We consider in this appeal whether the Plaintiffs can recover attorney's fees generated by a distinguished member of the Oregon Bar who assists a member of the California Bar in litigating a case before the federal district court in the Central District of California (Central District), but who (a) is not a member of the California Bar, (b) does not physically appear before the Central District, (c) does not sign pleadings in the case before the Central District, (d) has minimal contact with his clients, and no direct contact with opposing counsel in the case, (e) is supervised by Wheatley, Jr., an attorney who is licensed to practice law in California and is the person who alone remained responsible to the Plaintiffs, and (f) is not admitted pro hac vice in connection with the case before the Central District, but no evidence in the record shows that he would not have routinely been so admitted had he applied. We hold that the Plaintiffs can recover such fees. With respect to this issue, we reverse and remand, and with respect to the other issues addressed in this opinion, we affirm in part, and remand in part.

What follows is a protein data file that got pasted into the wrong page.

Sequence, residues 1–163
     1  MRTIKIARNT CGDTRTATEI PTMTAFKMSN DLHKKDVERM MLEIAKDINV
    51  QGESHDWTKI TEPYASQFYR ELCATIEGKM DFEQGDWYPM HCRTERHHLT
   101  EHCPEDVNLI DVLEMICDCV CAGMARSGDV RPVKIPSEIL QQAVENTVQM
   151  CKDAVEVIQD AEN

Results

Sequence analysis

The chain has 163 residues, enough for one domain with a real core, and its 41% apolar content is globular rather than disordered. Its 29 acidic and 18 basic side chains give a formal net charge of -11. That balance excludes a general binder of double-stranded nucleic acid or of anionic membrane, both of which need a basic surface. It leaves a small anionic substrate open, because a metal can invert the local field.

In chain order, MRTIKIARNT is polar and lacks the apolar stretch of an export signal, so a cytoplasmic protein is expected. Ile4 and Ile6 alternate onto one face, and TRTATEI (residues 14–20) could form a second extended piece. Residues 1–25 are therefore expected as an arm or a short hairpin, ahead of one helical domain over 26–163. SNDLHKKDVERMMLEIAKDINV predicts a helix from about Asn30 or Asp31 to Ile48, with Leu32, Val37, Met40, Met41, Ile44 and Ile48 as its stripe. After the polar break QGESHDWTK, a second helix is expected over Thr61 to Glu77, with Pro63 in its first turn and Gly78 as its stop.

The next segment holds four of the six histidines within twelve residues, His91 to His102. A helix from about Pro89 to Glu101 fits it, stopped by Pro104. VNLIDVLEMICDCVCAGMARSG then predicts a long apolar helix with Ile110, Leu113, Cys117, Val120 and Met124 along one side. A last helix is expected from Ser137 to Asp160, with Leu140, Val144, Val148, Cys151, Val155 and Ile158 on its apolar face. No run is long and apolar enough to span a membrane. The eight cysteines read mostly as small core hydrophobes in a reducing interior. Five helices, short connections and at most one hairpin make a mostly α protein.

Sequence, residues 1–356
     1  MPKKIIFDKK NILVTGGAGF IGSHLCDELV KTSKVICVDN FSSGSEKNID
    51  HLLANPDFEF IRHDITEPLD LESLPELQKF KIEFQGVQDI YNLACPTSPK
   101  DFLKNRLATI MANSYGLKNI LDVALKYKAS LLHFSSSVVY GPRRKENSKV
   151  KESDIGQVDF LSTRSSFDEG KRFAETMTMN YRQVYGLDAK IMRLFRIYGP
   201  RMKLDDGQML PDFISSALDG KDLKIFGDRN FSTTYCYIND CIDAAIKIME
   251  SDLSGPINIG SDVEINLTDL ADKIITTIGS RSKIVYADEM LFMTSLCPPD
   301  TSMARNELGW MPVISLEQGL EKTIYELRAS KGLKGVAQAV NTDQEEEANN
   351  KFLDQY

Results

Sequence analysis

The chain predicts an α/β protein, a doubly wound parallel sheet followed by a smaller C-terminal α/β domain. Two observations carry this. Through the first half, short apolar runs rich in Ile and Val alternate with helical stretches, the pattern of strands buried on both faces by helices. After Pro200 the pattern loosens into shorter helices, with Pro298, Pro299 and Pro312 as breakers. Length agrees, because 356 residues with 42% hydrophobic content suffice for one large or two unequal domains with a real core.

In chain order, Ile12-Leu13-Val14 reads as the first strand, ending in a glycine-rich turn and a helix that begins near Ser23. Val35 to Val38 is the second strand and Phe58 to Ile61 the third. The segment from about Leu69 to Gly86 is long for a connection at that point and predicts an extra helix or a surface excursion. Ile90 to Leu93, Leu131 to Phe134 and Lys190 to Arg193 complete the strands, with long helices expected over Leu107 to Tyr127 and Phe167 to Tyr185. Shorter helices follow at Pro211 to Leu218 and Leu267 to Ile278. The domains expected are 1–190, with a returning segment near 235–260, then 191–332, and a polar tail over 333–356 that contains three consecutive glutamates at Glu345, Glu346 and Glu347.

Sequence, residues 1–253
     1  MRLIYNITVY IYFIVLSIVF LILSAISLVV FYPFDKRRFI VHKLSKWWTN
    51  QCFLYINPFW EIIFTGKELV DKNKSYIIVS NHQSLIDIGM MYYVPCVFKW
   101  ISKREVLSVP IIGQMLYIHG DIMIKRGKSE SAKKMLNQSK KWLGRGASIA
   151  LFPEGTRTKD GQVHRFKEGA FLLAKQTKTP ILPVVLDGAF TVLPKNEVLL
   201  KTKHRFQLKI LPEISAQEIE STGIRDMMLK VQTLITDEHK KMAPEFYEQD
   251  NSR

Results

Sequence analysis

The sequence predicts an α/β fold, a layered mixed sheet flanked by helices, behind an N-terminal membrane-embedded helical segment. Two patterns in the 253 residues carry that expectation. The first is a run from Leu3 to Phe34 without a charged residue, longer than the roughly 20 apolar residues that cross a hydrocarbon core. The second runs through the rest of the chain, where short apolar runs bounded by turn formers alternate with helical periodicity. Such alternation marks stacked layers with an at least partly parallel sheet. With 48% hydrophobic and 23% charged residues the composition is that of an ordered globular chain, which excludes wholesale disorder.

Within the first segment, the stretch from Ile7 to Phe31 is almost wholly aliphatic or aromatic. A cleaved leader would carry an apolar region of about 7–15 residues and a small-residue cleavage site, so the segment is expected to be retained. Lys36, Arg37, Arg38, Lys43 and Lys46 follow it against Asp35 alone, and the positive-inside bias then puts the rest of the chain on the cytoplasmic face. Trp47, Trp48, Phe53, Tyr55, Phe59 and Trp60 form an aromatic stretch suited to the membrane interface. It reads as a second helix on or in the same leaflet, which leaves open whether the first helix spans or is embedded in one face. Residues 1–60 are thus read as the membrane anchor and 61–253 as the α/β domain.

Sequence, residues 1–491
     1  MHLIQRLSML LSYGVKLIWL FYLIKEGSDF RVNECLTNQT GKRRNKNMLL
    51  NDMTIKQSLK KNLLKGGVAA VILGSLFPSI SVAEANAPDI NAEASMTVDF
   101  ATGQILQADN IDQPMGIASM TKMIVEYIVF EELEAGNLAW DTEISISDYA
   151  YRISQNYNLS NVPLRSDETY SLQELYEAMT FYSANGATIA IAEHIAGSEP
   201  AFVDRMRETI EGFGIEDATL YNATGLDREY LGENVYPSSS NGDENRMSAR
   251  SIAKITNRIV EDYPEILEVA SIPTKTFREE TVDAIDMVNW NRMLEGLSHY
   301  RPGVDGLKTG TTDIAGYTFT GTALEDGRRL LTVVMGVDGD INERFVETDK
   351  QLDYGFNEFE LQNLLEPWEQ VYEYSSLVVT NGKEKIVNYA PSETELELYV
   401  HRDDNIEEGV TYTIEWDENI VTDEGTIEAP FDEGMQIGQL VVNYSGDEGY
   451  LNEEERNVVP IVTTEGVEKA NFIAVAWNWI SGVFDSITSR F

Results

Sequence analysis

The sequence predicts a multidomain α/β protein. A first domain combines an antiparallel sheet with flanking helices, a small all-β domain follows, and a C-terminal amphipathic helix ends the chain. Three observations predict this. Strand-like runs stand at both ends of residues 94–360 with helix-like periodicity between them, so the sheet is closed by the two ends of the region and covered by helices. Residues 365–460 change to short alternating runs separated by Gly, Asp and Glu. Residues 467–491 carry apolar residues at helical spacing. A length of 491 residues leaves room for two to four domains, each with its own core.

Factual and Procedural Background

This is the third time this court has heard an appeal related to this matter in almost nine years of litigation. Appellants Neil Winterrowd, Kevin Yurkus, and Gregory Stopp (Winterrowd plaintiffs) filed their initial and amended complaints in early 2000, asserting claims for breach of a severance contract. American General

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Annuity Insurance Co., et al. (AGAIC) asserted in its answer that the Winterrowd plaintiffs' contract claims were preempted by the Employment Retirement Income Security Act of 1974 (ERISA), 29 U.S.C. § 1001 et seq.

The district court granted AGAIC's motion for summary judgment, holding that the severance contract issued to the Winterrowd plaintiffs was an employee benefit plan covered under ERISA. The Winterrowd plaintiffs appealed, and on March 5, 2003, this court reversed the district court's grant of summary judgment, finding that ERISA did not apply, and remanded the case for further consideration of the Winterrowd plaintiffs' breach of contract claims.